If you were doing rescues & in the water you were in a pretty good class for a beginner. Without knowing the venue I can’t speak to whether or not the class should have been held in those conditions.

Wait until some other people come along and maybe take a look at the pictures of the damage, and tell you what they think. That is a very good quality boat, and seems to be appropriately sized for you.

ETA: Hey, I feel dumb, but now I actually READ the whole ad, and those are before and after pics, so the damage has been repaired. If it were me and I were interested in the boat, I would maybe even make a separate post linking to the ad and asking people, Is this damage well-repaired?

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You were in some advanced conditions for sure even if a protected area. Rocks & rock gardens are fun to play in…maybe sometime in your future. I understand your poop-in-pants moment and it is good that you recognized a potential danger zone.

You mentioned a WS Tempest = that is a really good starter kayak. Hope you will take a serious look at one. A Tempest 165 may fit you better than a 170, but either is a good first kayak if you can get one. Check it to make sure the bottom doesn’t have any deep gashes, the skeg easily operates, all hatches fit (easily changed out if not so factor that into purchase price), and that the seat is firmly attached.

Suggest your first kayak be plastic as they are more forgiving when scrapes happen as you learn kayaking. Carbon fibre (CF) is lighter and fun to paddle, but with you having rocky coasts and rocky beaches, focus on learning how to kayak (and not protecting your kayak). Fibreglass is easier to work on than CF but I would look at either of those as an upgrade kayak rather than a beginner kayak. I would pass on the QCC that had obvious repairs & damage.

You are fortunate to live in the SF Bay area as you have lots and lots of great paddling in the bay, rivers, and along the Pacific Coast. Wish I had paddled when I lived in SF 3 decades back, but started 3 years after moving from SF. Now I have to travel to paddle your great waters and rock gardens.

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All good, I feel dumb as well, since I took a second look at the posting and saw that there were before and after pictures as well.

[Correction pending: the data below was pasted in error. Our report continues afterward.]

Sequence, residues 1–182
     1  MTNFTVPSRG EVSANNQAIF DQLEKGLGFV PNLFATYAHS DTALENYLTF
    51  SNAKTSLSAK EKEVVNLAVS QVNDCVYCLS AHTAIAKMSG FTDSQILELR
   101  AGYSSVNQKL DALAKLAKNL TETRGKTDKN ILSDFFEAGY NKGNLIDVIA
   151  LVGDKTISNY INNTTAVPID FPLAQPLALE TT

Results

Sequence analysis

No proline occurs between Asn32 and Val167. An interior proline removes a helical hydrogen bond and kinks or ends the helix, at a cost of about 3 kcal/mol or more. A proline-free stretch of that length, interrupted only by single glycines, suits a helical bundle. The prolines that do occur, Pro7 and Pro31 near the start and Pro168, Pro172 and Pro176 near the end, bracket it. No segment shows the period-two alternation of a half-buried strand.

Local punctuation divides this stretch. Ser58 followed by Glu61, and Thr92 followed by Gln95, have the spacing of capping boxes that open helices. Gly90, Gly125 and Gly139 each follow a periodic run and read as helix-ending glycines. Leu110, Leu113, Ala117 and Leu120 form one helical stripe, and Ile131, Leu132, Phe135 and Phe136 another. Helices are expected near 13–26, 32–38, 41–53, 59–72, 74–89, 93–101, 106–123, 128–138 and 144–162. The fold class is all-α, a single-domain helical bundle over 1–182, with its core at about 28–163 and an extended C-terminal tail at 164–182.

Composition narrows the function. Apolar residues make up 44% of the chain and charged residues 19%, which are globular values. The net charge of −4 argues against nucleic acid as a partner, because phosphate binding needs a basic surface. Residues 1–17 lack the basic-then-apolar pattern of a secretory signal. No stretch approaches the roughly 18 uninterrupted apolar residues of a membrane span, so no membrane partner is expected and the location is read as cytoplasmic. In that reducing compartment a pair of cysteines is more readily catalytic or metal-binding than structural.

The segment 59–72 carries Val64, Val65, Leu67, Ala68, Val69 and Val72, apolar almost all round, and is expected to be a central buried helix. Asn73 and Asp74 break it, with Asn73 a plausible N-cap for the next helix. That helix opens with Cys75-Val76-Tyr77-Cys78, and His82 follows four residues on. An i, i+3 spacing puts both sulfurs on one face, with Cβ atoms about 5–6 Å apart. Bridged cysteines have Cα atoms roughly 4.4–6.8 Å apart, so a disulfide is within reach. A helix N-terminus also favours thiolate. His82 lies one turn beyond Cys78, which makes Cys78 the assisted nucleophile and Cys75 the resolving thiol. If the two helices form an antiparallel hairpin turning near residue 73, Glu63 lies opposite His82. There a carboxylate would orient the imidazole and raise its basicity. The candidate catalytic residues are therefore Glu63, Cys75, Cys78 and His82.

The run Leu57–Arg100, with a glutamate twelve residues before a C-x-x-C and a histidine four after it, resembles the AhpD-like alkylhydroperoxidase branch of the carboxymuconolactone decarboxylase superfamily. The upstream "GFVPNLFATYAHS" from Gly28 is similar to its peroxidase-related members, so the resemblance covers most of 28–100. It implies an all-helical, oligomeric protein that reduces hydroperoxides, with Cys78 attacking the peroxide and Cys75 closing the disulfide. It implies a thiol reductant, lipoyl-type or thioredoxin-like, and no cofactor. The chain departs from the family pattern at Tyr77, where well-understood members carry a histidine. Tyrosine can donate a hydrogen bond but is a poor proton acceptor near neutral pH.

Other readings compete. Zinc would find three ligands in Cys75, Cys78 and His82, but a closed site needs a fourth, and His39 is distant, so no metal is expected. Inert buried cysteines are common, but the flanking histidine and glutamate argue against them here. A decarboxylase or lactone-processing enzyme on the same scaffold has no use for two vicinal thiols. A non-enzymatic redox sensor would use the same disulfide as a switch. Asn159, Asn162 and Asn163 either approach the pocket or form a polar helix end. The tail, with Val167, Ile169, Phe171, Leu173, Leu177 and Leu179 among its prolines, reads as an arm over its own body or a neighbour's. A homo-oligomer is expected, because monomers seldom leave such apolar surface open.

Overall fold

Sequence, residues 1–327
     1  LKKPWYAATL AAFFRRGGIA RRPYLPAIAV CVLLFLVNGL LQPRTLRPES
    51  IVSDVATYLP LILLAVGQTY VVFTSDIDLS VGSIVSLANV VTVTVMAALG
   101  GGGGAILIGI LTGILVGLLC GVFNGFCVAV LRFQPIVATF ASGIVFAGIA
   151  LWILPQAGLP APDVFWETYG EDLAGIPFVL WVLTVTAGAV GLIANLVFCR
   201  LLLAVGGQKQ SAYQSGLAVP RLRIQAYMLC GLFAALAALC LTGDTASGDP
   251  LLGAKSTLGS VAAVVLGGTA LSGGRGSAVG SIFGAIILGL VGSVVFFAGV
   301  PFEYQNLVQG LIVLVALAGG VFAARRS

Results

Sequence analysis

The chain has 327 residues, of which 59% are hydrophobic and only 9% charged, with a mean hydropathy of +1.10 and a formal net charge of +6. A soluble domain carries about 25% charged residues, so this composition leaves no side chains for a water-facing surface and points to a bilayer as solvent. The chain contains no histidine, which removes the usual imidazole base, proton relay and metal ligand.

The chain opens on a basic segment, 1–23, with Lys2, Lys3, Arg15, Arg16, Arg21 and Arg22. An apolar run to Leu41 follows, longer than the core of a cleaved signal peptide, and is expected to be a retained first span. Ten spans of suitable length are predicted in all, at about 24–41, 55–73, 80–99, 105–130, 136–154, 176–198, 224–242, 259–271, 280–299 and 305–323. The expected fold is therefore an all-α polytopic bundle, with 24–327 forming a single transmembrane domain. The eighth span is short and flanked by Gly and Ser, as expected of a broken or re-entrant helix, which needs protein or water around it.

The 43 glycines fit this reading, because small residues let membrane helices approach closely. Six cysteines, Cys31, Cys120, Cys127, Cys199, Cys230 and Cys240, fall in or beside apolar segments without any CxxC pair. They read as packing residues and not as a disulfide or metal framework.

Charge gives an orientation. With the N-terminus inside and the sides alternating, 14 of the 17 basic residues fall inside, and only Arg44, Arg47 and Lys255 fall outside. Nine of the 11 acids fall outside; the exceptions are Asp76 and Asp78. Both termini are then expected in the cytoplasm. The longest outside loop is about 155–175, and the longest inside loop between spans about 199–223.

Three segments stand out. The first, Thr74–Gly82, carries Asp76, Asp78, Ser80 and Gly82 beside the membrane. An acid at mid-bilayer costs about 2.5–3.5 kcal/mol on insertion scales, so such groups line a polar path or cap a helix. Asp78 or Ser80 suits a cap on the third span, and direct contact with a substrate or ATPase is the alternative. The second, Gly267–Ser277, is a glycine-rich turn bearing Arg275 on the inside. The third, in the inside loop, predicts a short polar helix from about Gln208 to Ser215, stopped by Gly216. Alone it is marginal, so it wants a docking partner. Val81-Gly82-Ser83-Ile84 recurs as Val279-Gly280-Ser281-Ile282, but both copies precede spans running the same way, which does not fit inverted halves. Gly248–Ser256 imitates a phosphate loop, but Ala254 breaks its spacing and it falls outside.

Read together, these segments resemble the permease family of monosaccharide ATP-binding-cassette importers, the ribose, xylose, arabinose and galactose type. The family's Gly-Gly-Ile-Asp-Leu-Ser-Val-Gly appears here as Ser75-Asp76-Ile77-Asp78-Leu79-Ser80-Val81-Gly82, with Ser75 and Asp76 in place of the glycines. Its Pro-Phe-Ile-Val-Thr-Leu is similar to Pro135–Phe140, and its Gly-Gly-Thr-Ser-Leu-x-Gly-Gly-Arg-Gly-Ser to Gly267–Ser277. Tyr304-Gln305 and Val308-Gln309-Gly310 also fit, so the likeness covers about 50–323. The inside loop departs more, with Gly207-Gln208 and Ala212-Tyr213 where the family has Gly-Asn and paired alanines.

Thank you for all the effort in helping me out and introducing me to the legendary John Winters. If nothing else, I will be having dreams about QCC kayaks for a while. They are beautiful.

That makes me feel so much better, knowing that a guru like yourself acknowledging my poop-in-pants moment is huge.

I think I’ll be holding off on rock gardens for a while like you mentioned.

The WS Tempest is actually a used one that is going for $900. I think I’ll be taking a good look at it, since you’ve suggested it to be a really good starter kayak. I’ll make sure to have a second pair of eyes look it over as well.

I’ll take your advice on passing up the QCC for someone with more skill and experience on working on kayaks.

I realize that living in the SF Bay Area I am blessed to have a bunch of really great waterways. I’m still learning all of the little areas where it would be suitable for me to go slow and not have poop-in-pants moments as often.

Thank you for all your advice, you’ve (all) been extremely helpful.

I just want to give the paddling community a huge shout-out for the super quick and helpful responses to my questions.

It makes for beginners like myself feel extremely welcome and safe to ask questions that may seem trivial to more experienced paddlers.


Far from a guru…just a bit more experienced paddler. You are wise to be taking lessons. Your learning curve should be exponentially faster than if you tried to learn it on your own or via videos only.

Hopefully in your classes you will meet some other folks or clubs with which you can paddle to gain experience.

Good luck finding your first kayak.

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From what I see I’d flash 550 cash and run with it. Market is tight and repairs on that hull are minimal cost. So if you do spend 300 to repair you’re at 850 for a good fast kayak you can use for years and still sell it for a decent price in three it four years. It will be worth 400-450 in four years easy. So 100 bucks a year for lots of fun. I’ll look on my iPad at pictures better. Now I’d say grab a paddle and go.

Look on the inside of hull for damage. Probably all just cosmetic. Worse case few strips of fiberglass tape on the inside. New comparable boat would be near 4 grand.

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Thank you so much to everyone who responded. I ended up getting a used Wilderness Systems Tsunami 125 that popped up on Craigslist just as I was about to leave work.

Now to start getting “butt-in-seat” time!!


Good starter kayak. Wise move to jump on buying it. Do not be surprised if you out grow it by the end of this season if you get on the water regularly.



Curious as to why you chose a kayak over a canoe?

I guess I just never thought about a canoe. Also my perception of canoes were that they were big and clunky, and I don’t have much room to store something big and clunky.

Nothing against canoes, though. If I had the space for them I would definitely consider them.

Well, canoes can be big & clunky as can kayaks but it is not a requirement:
The Hornbecks are just one option.